This summer season, expect a mango deluge

With favourable weather conditions paving the way for a big harvest of the King of Fruit, you might find yourself buying mangoes in dozens, this year.

Published: 08th April 2013 07:39 AM  |   Last Updated: 08th April 2013 07:39 AM   |  A+A-


If you have a strong liking for the king of fruit, there is good news for you. Thanks to a bountiful harvest in the mango belt of the western districts in the State, vendors of the fruit in the city are in a sanguine mood, expecting huge consignments of mangoes in the coming weeks.

What’s more, some of them predict a lower price than last year. If the oil companies don’t tinker with fuel prices, that is.

According to several vendors at the Anna Fruit Market in Koyambedu, there is a marked difference in the availability of mangoes between this season and last year. In 2012, the fruit had a late arrival to the market, thanks to a prolonged North-East monsoon with rains stretching into February.

“That is the flowering time. Owing to rain last year, the harvest fell. But this year it is different,” says Palaniappan, a fruit wholesaler.

Traders say farmers in the mango belt of Salem, Dharmapuri and Krishnagiri are indicating a bountiful harvest thanks to the favourable weather conditions that prevailed this year.

Though the fruit is yet to arrive in large numbers in Chennai, the signs are quite telling. “In the last two years, the first mangoes came in only in the last week of April. This year they have started pouring in a month earlier,” says Thamarai Selvan, another fruit vendor.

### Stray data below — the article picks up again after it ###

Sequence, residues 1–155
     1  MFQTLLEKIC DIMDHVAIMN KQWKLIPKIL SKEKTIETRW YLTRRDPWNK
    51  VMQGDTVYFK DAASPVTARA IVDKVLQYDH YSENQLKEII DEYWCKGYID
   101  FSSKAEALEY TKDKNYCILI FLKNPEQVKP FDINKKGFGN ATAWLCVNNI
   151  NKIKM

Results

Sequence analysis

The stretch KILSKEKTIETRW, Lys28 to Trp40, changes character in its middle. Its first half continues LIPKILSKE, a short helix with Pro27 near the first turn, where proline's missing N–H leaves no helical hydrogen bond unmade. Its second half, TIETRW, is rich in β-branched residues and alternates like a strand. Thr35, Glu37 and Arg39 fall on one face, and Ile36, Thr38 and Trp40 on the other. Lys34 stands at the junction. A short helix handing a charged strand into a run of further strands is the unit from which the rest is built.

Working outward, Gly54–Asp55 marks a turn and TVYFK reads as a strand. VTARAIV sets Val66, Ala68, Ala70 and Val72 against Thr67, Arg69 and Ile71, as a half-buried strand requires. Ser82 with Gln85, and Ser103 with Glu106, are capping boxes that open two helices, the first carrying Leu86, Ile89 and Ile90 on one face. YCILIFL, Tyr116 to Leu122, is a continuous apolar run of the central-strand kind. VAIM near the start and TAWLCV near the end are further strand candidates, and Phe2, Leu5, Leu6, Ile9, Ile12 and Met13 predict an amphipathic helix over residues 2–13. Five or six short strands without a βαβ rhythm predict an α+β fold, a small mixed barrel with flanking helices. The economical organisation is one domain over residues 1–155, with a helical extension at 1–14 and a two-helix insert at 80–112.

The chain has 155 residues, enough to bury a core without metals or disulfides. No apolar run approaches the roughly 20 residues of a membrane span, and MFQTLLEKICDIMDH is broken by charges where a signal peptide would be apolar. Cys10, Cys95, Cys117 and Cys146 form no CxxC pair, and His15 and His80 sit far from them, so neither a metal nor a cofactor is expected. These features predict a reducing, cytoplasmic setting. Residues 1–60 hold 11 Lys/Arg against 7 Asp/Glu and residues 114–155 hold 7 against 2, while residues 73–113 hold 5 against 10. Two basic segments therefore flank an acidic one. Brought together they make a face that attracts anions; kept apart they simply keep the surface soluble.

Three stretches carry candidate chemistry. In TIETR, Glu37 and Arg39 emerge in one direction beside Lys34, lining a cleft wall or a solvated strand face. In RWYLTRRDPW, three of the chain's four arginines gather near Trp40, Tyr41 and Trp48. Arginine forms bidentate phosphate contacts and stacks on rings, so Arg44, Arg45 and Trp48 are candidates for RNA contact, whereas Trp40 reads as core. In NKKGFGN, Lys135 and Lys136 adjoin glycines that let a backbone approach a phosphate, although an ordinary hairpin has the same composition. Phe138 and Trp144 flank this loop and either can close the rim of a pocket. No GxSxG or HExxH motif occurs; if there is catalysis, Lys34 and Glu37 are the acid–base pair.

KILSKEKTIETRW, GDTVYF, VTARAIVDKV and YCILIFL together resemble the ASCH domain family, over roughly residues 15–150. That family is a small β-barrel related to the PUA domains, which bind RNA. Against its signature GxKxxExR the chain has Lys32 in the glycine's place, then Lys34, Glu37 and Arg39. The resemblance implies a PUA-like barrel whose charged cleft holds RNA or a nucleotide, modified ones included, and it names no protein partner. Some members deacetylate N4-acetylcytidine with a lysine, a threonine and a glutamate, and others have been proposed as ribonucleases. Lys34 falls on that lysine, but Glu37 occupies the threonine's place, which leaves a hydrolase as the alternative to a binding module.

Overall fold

At the moment the market is seeing a flood of the Bangalora variety from Andhra Pradesh, the favoured choice of juice factories.

“Yesterday we received about 70 tonnes, of this variety. The wholesale price is quite low with a kg costing just Rs 10,” says Chandran, a trader. In the retail market, the same fruit costs between Rs 15 and Rs 20.

Another variety that is already visible is the Banganapalli. Vendors say that the quantity of this popular variety will triple in the next few weeks and reach its peak by mid-May. “At the moment the price ranges from Rs 40 to Rs 60 per kg. Depending on arrivals this will fluctuate. But we feel this time it won’t shoot up as much as in previous years when it even touched `80 at one point,” said another vendor.

Chennai has seen more people willing to buy exotic varieties, including the Alphonso. Other popular varieties consumed by the city include Imam Pasand and Senthura.

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